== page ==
“Roads are blocked. It’s massive. We can’t tell the extent of the damage yet,” Scruggs said. “They have search teams going out now to check subdivision developments, housing and more rural areas.”
The state Highway Patrol reported looting in Macon County, said Julie Oaks, a spokeswoman for the Tennessee Emergency Management Agency.
“Obviously, that’s not something that needs to be going on,” she said. “If people are caught looting, they will go to jail.”
‘Two seconds later, our house was gone’
Ferena Farrington of Antioch, Tenn., described taking cover with her family one minute, then being flung through the air the next before landing in a neighbor’s yard.
Farrington broke her back in the fall and was being treated at Vanderbilt University Hospital in Nashville. Her husband suffered a broken pelvis and was being treated at a hospital in Bowling Green, Ky. The couple’s baby was not injured.
“I really closed my eyes as tight as I could, and I really just prayed to God that, you know, He would just keep us safe and hang on to us,” Farrington said, according to NBC affiliate WSMV of Nashville.
“It was scary. It was very scary. They say it literally sounds like a freight train coming, and it did,” she said. “It was really quiet, then two seconds later, our house was gone.”
Northeast of Nashville, a spectacular fire erupted at a natural gas pumping station. The station took a direct hit from the storm, but no deaths connected to the fire were reported.
Jackson, Tenn., was hit with an extraordinarily powerful Force 4 tornado packing winds above 207 mph, which trapped 16 people in a damaged dormitory at Union University until rescuers could dig them out, NBC News’ Terry Pickard reported. Tim Ellsworth, the college’s news director, said about 50 students were taken to hospitals, nine of them seriously injured.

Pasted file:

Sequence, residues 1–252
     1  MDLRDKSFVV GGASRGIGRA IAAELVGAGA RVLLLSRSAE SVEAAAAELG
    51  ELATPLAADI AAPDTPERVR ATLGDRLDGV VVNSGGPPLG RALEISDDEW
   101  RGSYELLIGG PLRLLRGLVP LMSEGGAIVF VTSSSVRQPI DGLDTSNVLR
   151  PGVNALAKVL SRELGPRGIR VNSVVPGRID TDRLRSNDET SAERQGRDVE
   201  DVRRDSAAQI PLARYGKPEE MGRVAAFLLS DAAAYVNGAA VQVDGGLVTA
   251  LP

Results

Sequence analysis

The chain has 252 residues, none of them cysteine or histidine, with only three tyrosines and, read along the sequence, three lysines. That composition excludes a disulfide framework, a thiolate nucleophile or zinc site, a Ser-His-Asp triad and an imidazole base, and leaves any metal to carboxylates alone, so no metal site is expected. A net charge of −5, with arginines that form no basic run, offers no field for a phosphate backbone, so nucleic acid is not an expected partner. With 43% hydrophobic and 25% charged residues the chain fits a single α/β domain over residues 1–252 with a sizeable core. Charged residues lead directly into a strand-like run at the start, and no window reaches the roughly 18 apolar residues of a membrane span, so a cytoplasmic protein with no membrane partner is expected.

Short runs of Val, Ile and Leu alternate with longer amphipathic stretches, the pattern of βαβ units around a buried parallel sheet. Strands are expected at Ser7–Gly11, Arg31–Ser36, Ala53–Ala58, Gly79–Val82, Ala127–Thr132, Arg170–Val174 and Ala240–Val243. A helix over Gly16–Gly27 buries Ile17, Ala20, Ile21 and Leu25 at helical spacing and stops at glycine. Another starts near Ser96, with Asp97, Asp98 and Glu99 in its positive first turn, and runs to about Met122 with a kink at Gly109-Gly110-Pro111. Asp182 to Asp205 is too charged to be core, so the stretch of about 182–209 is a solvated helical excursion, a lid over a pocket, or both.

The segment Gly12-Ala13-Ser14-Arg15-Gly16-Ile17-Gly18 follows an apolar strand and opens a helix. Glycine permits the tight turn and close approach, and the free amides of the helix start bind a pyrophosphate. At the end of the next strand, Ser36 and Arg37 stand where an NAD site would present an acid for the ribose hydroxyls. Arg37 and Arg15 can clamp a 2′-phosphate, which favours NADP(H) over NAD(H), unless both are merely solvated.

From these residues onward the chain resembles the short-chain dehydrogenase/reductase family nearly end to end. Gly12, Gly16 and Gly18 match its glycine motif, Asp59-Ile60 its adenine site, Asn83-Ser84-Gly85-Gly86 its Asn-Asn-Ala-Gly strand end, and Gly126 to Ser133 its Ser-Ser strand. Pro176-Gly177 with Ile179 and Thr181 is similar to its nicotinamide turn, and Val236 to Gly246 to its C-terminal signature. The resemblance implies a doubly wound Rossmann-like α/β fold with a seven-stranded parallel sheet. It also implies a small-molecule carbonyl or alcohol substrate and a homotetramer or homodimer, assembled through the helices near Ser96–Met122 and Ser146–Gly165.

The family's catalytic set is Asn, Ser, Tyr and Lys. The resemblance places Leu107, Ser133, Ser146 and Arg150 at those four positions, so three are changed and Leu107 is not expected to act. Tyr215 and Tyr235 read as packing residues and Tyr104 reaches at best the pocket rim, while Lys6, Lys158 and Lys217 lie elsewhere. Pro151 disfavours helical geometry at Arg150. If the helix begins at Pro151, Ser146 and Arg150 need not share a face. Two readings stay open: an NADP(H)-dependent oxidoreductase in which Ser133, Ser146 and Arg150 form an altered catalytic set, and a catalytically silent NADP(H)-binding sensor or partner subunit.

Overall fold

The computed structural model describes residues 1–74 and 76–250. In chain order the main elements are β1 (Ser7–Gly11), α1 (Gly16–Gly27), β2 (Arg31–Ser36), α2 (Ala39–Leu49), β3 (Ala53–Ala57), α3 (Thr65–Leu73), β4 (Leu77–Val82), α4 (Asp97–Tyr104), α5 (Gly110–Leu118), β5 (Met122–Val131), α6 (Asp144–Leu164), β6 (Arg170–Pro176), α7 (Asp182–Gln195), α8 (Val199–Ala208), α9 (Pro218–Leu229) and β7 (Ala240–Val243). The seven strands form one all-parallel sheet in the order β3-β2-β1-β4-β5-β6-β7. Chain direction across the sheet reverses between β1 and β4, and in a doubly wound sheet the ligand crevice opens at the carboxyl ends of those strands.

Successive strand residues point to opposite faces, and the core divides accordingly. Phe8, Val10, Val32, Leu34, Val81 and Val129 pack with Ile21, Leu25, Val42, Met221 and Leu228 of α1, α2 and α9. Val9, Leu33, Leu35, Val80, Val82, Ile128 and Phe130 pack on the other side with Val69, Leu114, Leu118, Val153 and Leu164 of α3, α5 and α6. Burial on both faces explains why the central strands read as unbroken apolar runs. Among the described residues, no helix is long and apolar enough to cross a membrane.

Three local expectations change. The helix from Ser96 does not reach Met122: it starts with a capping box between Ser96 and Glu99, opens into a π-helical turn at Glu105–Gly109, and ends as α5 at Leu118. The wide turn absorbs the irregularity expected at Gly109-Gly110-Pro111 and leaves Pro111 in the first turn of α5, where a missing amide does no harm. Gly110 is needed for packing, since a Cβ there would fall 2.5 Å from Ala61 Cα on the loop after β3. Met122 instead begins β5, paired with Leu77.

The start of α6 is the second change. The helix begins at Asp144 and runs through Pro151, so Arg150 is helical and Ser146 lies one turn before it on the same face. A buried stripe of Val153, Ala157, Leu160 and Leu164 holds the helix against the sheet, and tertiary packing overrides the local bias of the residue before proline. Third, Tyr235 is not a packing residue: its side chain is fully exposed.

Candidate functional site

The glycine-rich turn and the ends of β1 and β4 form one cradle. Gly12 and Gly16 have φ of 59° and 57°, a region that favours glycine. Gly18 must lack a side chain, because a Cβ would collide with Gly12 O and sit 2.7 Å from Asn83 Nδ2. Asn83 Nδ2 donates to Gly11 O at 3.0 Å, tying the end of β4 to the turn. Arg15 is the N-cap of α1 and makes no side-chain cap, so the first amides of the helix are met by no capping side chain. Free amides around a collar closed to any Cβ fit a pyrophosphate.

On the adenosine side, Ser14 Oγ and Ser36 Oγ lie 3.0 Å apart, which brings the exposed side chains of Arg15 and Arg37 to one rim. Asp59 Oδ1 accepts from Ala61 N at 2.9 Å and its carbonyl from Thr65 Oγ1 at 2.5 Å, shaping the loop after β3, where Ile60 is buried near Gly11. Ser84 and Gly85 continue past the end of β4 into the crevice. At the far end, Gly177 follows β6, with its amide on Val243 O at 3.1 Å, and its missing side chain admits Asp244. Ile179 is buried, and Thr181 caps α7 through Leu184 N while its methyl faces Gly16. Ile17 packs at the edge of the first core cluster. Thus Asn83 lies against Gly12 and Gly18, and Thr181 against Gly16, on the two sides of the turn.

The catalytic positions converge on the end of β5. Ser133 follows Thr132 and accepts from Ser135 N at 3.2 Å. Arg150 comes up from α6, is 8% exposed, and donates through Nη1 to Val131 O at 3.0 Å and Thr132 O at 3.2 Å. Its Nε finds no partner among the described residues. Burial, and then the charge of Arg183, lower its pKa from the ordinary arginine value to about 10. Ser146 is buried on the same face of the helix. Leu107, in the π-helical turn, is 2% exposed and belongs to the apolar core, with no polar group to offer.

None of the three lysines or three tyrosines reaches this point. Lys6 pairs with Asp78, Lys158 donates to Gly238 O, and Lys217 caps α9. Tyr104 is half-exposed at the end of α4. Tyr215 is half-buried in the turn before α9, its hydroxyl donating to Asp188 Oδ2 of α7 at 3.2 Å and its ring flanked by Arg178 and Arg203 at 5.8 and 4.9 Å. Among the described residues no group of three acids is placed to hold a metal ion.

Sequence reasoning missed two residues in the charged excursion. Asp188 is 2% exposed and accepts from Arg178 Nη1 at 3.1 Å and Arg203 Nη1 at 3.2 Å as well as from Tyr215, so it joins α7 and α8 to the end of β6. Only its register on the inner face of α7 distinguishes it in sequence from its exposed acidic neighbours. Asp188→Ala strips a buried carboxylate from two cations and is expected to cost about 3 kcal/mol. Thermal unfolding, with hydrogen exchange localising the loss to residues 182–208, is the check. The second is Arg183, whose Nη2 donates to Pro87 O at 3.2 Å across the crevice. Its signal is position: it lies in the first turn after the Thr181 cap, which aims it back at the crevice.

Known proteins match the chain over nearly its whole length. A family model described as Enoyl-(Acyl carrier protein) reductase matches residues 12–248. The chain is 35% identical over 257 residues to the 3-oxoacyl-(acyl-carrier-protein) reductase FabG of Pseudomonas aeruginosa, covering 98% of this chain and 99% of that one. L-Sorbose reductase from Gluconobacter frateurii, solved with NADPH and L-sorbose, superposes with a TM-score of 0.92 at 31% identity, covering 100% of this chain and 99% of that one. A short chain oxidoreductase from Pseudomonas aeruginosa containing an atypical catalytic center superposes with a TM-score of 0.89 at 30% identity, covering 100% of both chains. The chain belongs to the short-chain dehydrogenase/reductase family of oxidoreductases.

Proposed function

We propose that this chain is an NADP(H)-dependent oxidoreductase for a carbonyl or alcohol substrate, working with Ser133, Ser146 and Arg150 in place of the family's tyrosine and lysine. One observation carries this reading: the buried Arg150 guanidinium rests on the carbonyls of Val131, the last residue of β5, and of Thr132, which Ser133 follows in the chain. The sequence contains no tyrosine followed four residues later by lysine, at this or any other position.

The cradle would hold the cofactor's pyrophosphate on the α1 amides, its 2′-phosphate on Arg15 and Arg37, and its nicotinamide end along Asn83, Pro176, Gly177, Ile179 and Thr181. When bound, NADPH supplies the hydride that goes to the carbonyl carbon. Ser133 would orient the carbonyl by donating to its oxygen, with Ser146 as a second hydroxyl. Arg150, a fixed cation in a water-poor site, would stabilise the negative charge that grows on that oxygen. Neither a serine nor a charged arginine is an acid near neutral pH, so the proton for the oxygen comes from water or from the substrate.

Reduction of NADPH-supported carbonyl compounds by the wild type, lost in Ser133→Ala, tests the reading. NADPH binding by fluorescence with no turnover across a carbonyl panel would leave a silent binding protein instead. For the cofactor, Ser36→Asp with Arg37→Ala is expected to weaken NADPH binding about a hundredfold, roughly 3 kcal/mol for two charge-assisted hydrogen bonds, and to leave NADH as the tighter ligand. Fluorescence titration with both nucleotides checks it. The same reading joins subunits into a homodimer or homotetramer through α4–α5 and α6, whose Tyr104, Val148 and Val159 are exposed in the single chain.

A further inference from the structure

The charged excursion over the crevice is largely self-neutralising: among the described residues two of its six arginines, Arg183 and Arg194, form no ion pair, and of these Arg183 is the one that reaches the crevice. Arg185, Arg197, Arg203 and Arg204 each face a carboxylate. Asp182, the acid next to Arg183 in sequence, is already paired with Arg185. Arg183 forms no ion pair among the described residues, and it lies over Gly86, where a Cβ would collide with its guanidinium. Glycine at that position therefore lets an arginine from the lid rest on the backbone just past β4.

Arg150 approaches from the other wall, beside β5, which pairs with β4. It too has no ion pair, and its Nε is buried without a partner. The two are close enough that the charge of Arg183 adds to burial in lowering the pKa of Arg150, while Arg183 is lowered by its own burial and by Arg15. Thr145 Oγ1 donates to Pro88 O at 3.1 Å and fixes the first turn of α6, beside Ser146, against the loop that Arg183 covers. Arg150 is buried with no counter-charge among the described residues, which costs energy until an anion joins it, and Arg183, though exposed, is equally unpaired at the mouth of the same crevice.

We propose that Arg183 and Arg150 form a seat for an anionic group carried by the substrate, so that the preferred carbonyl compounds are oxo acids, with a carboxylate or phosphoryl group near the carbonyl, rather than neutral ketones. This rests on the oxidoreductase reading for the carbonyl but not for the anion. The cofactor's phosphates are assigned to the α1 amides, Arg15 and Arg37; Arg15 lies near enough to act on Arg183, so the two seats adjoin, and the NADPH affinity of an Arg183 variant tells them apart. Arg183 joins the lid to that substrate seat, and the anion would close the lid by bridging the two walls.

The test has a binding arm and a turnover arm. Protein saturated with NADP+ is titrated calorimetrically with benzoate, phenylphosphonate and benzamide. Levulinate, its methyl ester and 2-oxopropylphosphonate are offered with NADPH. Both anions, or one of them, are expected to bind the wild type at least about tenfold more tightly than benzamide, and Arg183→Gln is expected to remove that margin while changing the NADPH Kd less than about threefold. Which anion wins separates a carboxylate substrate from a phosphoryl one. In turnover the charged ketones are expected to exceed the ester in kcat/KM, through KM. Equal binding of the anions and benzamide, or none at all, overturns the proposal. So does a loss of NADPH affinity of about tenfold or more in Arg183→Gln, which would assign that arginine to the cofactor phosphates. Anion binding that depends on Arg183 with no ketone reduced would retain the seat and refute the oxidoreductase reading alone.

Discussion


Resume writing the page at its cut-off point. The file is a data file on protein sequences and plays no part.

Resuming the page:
“It was really scary looking around, and people crying, blood on their faces and soaking it all in, thinking it was a nightmare,” said Natalie West, a sophomore at the university.
Impact could have been worse
As bad as the impact was, it could well have been much worse, said James Bassham, director of the Tennessee emergency agency, who said the biggest risk during a tornado is to large groups of people trapped inside structures.
Although it is the height of high school basketball season in Tennessee, Bassham noted that there were few games Tuesday evening.
“We could have had games last night, with 400, 500, 600 people in there when tornadoes went through,” he said.
Gov. Phil Bredesen said the state was also fortunate that the tornadoes largely avoided densely populated areas. He said the death toll could have been much higher as he took a helicopter tour of Macon, Sumner and Trousdale counties to survey the damage Wednesday.